Posted on 11.10.2006 - 12:05 EDT in GENERAL NEWS by Rons_ROV_Links
The award is presented annually “to a person or group whose singular moment of engineering ingenuity produced a significant turning point for the application of technology and resulting benefits to people, science, or industry.”
Shortly after Titanic was found on the seafloor in the winter of 1985, the Navy commissioned a return mission to test a small remotely operated vehicle (ROV) with high-resolution camera systems that could operate in deep water in tight spaces and amid tangled wreckage too dangerous for humans to investigate in larger submersibles. The Deep Submergence Laboratory (DSL) at WHOI had six months to design and build the prototype ROV.
“I didn’t see my daughter for months, and for some of the team, they didn’t see their families much at all during those days,” said project leader Chris von Alt Jr., who accepted the award with four other members of the DSL team at a ceremony at the New England Aquarium in Boston. Several other original team members couldn’t make the ceremony because they were operating Jason Jr.’s larger progeny, Jason, on a research cruise off Papua New Guinea.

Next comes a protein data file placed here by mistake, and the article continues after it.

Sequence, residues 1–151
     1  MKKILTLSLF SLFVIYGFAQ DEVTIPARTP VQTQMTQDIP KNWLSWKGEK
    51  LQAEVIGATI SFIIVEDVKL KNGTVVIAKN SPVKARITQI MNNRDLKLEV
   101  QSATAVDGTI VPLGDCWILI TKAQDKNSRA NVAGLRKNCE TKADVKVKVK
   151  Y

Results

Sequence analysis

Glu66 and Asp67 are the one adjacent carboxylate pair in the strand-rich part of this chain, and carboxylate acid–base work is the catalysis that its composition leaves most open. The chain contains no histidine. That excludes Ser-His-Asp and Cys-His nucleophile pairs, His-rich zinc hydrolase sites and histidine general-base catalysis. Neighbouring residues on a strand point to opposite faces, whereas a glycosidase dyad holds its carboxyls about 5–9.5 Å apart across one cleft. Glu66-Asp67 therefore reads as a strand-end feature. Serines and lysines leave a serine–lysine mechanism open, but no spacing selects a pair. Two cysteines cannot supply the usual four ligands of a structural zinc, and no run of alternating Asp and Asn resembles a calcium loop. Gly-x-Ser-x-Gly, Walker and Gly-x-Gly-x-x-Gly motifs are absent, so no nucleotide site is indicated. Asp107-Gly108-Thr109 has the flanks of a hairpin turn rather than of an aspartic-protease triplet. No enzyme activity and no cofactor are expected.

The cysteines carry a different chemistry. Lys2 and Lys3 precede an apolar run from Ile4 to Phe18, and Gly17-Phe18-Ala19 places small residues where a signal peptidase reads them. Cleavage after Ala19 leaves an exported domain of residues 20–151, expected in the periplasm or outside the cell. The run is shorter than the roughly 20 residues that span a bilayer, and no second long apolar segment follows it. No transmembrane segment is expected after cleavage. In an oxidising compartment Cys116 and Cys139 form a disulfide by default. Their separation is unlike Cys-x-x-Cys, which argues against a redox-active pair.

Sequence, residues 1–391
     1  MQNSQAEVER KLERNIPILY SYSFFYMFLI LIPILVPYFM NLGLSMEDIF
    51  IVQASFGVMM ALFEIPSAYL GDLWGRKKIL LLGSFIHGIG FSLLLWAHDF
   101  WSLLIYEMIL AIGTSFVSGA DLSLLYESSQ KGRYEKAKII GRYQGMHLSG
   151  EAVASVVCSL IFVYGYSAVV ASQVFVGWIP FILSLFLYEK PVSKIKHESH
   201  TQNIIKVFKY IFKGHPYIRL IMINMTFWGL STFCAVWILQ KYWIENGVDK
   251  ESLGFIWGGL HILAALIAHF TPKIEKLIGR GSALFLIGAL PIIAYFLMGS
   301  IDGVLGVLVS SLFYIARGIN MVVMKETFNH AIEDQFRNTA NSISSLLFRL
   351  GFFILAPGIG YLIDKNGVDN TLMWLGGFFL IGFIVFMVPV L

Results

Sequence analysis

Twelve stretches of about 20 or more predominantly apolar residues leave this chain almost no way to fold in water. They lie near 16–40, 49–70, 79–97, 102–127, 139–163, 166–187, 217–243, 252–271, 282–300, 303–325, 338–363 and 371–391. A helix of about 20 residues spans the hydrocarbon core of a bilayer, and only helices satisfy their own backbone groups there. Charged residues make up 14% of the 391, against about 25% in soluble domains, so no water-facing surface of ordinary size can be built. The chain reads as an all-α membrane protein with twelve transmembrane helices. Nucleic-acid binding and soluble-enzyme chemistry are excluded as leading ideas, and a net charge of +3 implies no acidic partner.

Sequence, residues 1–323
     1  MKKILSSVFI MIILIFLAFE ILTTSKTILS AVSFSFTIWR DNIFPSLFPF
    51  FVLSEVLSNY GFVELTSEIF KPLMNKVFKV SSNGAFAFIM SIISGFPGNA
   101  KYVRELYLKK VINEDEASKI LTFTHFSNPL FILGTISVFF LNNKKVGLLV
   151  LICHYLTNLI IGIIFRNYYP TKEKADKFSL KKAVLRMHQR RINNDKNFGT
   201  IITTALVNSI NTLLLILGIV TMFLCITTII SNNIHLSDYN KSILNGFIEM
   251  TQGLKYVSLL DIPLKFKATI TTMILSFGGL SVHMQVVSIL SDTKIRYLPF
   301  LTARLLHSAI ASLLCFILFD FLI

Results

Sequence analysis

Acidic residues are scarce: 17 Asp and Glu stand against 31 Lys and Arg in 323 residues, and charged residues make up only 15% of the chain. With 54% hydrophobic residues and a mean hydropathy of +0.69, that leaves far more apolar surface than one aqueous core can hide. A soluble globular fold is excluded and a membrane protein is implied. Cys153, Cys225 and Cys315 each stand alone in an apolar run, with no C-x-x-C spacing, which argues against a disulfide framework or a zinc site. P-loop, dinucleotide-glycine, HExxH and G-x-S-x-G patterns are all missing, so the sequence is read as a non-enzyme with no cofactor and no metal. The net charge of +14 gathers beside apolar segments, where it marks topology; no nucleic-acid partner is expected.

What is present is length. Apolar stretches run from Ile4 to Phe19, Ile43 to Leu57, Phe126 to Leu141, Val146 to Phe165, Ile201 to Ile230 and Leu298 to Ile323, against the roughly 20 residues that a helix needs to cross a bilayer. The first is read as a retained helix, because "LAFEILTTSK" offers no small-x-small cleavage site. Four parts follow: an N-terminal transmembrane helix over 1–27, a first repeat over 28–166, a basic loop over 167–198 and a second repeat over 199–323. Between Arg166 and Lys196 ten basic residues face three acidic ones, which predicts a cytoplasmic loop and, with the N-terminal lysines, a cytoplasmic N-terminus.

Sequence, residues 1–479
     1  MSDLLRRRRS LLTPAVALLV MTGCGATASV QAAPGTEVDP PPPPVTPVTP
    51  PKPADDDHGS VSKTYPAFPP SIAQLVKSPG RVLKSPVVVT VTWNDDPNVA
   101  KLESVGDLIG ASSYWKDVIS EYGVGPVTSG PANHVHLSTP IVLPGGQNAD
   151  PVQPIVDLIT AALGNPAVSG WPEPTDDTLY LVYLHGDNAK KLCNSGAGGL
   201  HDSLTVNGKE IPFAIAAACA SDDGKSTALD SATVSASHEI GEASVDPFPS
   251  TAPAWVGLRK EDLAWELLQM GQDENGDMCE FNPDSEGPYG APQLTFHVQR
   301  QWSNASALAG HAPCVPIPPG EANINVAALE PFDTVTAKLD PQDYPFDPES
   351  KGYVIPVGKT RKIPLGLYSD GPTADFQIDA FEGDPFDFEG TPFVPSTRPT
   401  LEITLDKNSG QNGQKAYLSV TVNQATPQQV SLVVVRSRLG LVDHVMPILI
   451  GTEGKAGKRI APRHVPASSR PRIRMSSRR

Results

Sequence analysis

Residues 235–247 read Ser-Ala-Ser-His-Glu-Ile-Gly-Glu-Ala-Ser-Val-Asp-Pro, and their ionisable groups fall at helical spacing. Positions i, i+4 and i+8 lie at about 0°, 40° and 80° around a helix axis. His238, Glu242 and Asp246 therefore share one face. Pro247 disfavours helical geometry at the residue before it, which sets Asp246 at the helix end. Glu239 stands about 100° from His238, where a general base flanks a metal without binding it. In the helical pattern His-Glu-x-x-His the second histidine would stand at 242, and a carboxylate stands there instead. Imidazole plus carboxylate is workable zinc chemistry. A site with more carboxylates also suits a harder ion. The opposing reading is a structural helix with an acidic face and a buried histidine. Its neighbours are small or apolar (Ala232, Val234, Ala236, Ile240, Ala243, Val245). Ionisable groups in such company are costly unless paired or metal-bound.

“The team proved that deep-sea exploration could be achieved through unmanned robotics,” said Jeff Killeen, chairman of GlobalSpec, who presented the award. “Today’s ROVs strengthen naval security in wartime, have opened up vast new commercial opportunities for the private sector, and have provided the research tools to significantly enhance our understanding of the ocean’s ecosystems.”
October 4, 2006